Engineering of Advanced Materials

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EAM

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Cluster of Excellence

Engineering of Advanced Materials

Friedrich-Alexander-Universität Erlangen-Nürnberg

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Cluster of Excellence
Engineering of
Advanced Materials (EAM)

Nägelsbachstrasse 49b
91052 Erlangen, Germany
eam-administration@fau.de
29. December 2016

Solar energy conversion and storage in a single molecule

Front Cover in CHEMSUSCHEM

Photovoltaics convert solar energy, but do not allow for the direct storage of electrical energy. An elegant option to overcome this challenge is the chemical conversion of light to energy by using pairs of valence isomers. In such systems, the basic material is converted photochemically and reversibly
into its metastable, strained, and energy-rich isomeric counterpart.
The energy stored can then be released in the form of heat by triggering the reverse reaction. The use of a single-molecule system may prevent undesired side-reactions often observed in multi-step reactions and enable for a high number of storage/release cycles. The most prominent example of such a valence isomer pair is norbornadiene (NBD) and its energy-rich counterpart quadricyclane (QC). This system can store ~100 kJ/mol, which is comparable to the energy density provided by state-of-the-art batteries. Therefore, NBD/QC is a most promising candidate for a future energy storage and conversion system. The conventional way to trigger this reaction makes use of mild oxidants. The drawbacks of this approach are undesired side reactions and a lack of control over the energy release rate, once the reaction has been started. A team of EAM researchers (groups of Prof. Bachmann, Prof. Görling, Prof. Hirsch, Prof. Libuda, Dr. Papp and Prof. Steinrück) follows alternative concepts to trigger the energy release reaction. They investigated the use of heterogeneous catalysts and the electrochemically triggered energy release. To this end, they use a wide range of complementary experimental and computational techniques. In a well-defined and ultra-clean environment, they studied the adsorption, exothermic reaction, and degradation mechanisms of the organic molecules on a single crystalline platinum surface. In another complementary approach, the electrochemical properties of NBD and QC are characterized using voltametric and spectroscopic methods. It was shown that it is possible to control the kinetics with an applied potential, which allows for adjusting the thermal power release in real time. In a future step, the research team envisions the direct energy release in the form of electric energy.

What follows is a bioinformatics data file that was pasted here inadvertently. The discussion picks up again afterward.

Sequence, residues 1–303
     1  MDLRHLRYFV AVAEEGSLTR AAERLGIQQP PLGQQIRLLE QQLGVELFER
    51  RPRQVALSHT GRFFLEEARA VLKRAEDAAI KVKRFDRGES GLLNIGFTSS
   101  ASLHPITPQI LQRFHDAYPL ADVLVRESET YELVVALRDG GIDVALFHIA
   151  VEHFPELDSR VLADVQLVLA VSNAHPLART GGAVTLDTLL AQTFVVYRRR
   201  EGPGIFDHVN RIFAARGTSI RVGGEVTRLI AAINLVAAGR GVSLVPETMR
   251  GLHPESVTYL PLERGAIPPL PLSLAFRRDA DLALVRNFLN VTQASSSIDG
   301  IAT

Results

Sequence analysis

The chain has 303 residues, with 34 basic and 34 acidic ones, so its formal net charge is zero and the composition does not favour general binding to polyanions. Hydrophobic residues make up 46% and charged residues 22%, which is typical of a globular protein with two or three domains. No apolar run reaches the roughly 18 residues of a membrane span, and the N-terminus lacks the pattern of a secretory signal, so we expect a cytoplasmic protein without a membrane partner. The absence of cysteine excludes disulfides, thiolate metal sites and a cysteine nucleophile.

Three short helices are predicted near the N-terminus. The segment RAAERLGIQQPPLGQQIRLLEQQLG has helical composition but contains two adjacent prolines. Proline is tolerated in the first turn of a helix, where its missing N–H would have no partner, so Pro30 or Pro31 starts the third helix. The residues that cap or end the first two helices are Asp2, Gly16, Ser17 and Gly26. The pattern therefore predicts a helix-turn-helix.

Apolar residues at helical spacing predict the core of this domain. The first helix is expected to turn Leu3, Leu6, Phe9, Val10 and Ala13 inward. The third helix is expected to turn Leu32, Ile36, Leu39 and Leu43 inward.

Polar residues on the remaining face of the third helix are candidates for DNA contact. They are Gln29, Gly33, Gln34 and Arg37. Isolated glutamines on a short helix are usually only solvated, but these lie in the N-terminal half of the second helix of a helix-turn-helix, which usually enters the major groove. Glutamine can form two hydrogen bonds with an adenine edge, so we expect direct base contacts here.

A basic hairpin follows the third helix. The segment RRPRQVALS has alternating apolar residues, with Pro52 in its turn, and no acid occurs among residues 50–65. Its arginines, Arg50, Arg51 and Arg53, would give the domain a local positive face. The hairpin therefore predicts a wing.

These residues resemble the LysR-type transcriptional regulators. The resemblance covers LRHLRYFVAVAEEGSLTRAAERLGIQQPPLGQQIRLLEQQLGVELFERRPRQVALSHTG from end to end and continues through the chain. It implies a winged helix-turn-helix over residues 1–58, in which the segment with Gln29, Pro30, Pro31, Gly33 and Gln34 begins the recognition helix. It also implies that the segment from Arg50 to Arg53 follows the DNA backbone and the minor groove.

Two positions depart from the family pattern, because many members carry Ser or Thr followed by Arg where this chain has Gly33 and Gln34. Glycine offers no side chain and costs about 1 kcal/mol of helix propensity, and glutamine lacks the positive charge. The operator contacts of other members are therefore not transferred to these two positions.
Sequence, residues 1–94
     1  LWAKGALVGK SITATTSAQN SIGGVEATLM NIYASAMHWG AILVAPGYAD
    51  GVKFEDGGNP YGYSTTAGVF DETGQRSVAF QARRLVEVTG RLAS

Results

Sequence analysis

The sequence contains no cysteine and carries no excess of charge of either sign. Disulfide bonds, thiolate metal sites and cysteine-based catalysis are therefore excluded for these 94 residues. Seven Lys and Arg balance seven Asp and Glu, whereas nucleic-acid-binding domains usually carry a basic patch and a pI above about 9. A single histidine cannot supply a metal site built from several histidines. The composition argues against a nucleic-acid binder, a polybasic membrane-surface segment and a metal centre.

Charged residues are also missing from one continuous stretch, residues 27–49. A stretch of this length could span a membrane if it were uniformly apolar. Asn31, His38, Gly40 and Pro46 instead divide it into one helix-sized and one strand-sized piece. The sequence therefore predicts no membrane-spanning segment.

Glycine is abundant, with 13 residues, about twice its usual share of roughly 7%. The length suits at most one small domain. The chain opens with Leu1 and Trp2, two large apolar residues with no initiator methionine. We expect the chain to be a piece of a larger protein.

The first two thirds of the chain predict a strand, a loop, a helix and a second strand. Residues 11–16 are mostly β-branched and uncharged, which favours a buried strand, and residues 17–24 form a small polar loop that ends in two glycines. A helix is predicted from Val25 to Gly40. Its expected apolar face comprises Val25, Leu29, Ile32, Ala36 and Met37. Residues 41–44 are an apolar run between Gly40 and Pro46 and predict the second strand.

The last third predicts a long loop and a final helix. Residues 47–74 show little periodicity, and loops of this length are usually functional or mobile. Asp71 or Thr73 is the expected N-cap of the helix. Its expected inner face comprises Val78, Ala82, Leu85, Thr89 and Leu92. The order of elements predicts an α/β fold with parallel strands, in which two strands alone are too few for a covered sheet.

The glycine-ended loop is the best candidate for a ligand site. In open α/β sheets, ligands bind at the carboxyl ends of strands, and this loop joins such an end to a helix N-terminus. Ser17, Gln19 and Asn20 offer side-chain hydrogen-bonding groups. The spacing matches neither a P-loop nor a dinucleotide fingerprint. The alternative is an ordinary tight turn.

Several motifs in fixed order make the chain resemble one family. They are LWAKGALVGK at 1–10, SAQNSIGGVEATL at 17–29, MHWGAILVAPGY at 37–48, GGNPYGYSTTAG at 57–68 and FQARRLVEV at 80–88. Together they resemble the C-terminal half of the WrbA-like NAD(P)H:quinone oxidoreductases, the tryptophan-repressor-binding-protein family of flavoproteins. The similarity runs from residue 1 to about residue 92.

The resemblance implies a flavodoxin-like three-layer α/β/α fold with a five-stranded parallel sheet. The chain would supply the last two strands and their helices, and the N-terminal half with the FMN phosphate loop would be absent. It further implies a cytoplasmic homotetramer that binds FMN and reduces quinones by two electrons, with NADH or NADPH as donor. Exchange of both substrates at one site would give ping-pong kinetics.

References
Catalytically Triggered Energy Release from Strained Organic Molecules:
The Surface Chemistry of Quadricyclane and Norbornadiene on Pt(111)

Research Areas A3, B, C, D
U. Bauer, S. Mohr, T. Döpper, P. Bachmann, F. Späth, F. Düll, M. Schwarz,
O. Brummel, L. Fromm, U. Pinkert, A. Görling, A. Hirsch, J. Bachmann,
H.-P. Steinrück, J. Libuda, C. Papp
Chem. Eur. J., 2017, 23, 1613 – 1622
Abstract

Energy Storage in Strained Organic Molecules: (Spectro)Electrochemical
Characterization of Norbornadiene and Quadricyclane

Research Areas A3, B, D
O. Brummel, D. Besold, T. Döpper, Y. Wu, S. Bochmann, F. Lazzari, F. Waidhas,
U. Bauer, P. Bachmann, C. Papp, H.-P. Steinrück, A. Görling, J. Libuda, J. Bachmann
ChemSusChem, 2016, 9, 1424–1432
Abstract


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